Tuesday the 28th dawned and turned out to be a nice day, and, in fact, darned hot. Gil and I went over to the airport and found that the only plane we might be able to get was the mail plane, i.e. if we talked sweetly to the pilot, for they are not supposed to carry passengers on the mail planes, tho’ it is apparently commonly done at the discretion of the individual pilots. Actually at it turned out, one of the men whom Maj. G. had introduced me to did most of the talking for us. The plane was a C-47 which brought mail directly from Paris to this airfield at Fritzlar and picked up mail here to take to Paris direct, so it was really the best connection we could possibly make.

            The plane arrived about noon and we met the pilot and he agreed to take us along. Then we were all taken by the Lt. in the Operations Office over to eat before taking off for Paris. While eating and talking to the pilot I found out he was a Santa Rosa boy, just a young fellow who had been in the Army but one year. On the strength of his taking us to Paris, we made a date for meeting at the “Top of the Mark” sometime in the future.

          The trip to Paris took only 2-1/2 hours and wasn’t bad except that it was terrifically hot and consequently stuffy inside the plane. It was a bit rough for a short time before landing at the field, which is at a “Villacoublay” — about half way between Paris and Versailles.  We had to take a bus from the field into Paris and were dumped off at Place Vendome.

         After making arrangements to get the appropriate passes for our stay, we made our way to the Lafayette Club, where I stayed in January. It is much nicer than it was back in January, in fact, it is now the best of the “Clubs”. Better service, better food, etc. And it is definitely convenient, being near the Place de l’Opera.

         After we had dinner, we walked into the bar and whom do we see but Bill Kuzell. He, as you know, has been at school in Paris and has been doing some work over at the Univ. of Paris, making rounds, etc. I sure wish I had been able to get the deal he got. In fact, he was the only one of the gang that went to school that got anything out of it–  and besides got located in the best place for everything else besides work and learning.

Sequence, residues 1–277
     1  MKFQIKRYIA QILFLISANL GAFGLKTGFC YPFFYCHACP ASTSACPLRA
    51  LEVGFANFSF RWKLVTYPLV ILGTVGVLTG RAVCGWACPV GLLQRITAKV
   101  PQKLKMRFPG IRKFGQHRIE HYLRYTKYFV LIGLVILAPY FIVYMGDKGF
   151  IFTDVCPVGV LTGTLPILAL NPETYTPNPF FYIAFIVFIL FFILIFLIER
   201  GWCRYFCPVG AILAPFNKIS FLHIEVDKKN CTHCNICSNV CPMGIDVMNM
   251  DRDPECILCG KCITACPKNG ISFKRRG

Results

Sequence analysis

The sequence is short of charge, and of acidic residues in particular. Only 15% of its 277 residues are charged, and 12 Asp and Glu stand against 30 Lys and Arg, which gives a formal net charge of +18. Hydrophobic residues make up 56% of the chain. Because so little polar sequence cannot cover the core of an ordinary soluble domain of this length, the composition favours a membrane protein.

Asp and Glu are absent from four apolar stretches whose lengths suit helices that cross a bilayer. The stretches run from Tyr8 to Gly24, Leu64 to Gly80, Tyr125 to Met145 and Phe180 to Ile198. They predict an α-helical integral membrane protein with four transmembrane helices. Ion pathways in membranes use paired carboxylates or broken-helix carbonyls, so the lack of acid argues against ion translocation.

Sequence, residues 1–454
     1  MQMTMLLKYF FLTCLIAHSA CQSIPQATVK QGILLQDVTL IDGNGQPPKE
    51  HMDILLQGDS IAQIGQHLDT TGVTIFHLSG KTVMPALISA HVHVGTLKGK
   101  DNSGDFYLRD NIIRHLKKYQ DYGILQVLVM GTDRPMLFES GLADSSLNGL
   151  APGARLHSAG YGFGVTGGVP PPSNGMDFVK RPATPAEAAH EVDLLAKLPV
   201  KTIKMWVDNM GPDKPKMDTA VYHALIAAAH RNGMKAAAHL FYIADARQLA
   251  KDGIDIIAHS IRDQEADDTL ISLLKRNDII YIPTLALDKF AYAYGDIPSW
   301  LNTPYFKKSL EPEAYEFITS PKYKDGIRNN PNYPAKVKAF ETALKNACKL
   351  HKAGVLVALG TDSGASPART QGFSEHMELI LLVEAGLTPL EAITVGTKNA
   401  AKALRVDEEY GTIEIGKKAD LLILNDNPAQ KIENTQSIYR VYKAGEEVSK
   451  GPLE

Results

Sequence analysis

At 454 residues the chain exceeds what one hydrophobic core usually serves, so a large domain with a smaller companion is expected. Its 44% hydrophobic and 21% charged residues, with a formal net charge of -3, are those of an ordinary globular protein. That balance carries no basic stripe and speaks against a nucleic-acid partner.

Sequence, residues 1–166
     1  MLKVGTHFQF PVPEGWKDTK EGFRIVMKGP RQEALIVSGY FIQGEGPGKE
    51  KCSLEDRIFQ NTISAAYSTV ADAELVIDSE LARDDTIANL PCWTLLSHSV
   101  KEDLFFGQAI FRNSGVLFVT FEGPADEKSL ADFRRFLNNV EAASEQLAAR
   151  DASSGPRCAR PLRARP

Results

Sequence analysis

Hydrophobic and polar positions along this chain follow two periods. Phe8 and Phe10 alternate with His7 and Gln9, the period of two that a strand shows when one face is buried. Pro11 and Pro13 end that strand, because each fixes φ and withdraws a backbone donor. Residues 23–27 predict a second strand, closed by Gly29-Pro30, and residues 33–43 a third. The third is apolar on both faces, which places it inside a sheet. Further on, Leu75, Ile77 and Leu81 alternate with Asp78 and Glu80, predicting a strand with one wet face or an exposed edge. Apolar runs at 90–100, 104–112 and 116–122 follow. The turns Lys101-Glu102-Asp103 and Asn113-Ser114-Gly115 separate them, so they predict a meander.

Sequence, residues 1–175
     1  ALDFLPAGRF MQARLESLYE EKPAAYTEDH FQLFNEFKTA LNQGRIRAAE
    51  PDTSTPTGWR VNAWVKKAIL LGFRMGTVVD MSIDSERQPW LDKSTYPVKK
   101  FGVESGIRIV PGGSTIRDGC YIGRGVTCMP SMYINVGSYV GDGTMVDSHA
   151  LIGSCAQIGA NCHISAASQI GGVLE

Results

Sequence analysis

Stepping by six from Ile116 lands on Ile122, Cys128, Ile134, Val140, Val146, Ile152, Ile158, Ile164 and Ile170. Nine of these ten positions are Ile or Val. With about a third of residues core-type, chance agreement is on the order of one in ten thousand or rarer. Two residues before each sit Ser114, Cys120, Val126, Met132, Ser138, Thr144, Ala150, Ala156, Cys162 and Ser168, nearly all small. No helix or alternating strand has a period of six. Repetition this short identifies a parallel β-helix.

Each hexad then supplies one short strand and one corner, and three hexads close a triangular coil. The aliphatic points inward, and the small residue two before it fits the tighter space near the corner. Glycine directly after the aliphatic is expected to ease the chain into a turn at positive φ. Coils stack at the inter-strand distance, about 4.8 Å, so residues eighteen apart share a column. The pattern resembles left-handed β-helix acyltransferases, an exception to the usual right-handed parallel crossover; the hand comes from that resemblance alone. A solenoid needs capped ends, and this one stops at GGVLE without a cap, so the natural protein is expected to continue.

After we left Bill, three of us (Gil, his friend Red, and I) walked around town a bit, went to a couple of small nite-spots on the Champs Elysees and then ended up at a nite-club for officers, the “El Prado”, which is near the Arc de Triomphe. The night finally ended by us missing the last metro back to our hotel and our getting there afoot with dragging feets….

                           Loads of love,

rene-transparent

.

Watch for more of this letter
August 29, 1945


When René arrived in Paris, he was dropped off at Place Vendome.




Later that night, René went with Gil and Red to a “couple of small nite-spots on the Champs Elysees.”



August 29, 1945 – 75 years ago in a WW2 M.A.S.H. Unit

August 29, 1945
Near Fritzlar, Germany

No. 49 (continued)

Dear Folksies,

          The next A.M., the 29th, I was a bit undecided as to which domicile I should head for first, fearing that some if not all of the family might be away on vacation. So, I finally decided on going to Claudine’s home, feeling sure someone would be there. Arrived at the house and was greeted by an old servant, who apparently realized who I was and let me in to try and look up the phone numbers of the rest of the family. She told me that Claudine, Giles, and the baby Dominique were away on vacation and she thought Jeanne and David had already left for Belgium, and, furthermore that Jean-Pierre and Doude and the baby had gone back to Lyon. I had been afeered of something like that.

          I tried to get, by phone, David at the office, Yvette, and Monique, but without success, so finally just sat and waited for Lilice, who was scheduled to be home by noon, as she was out shopping.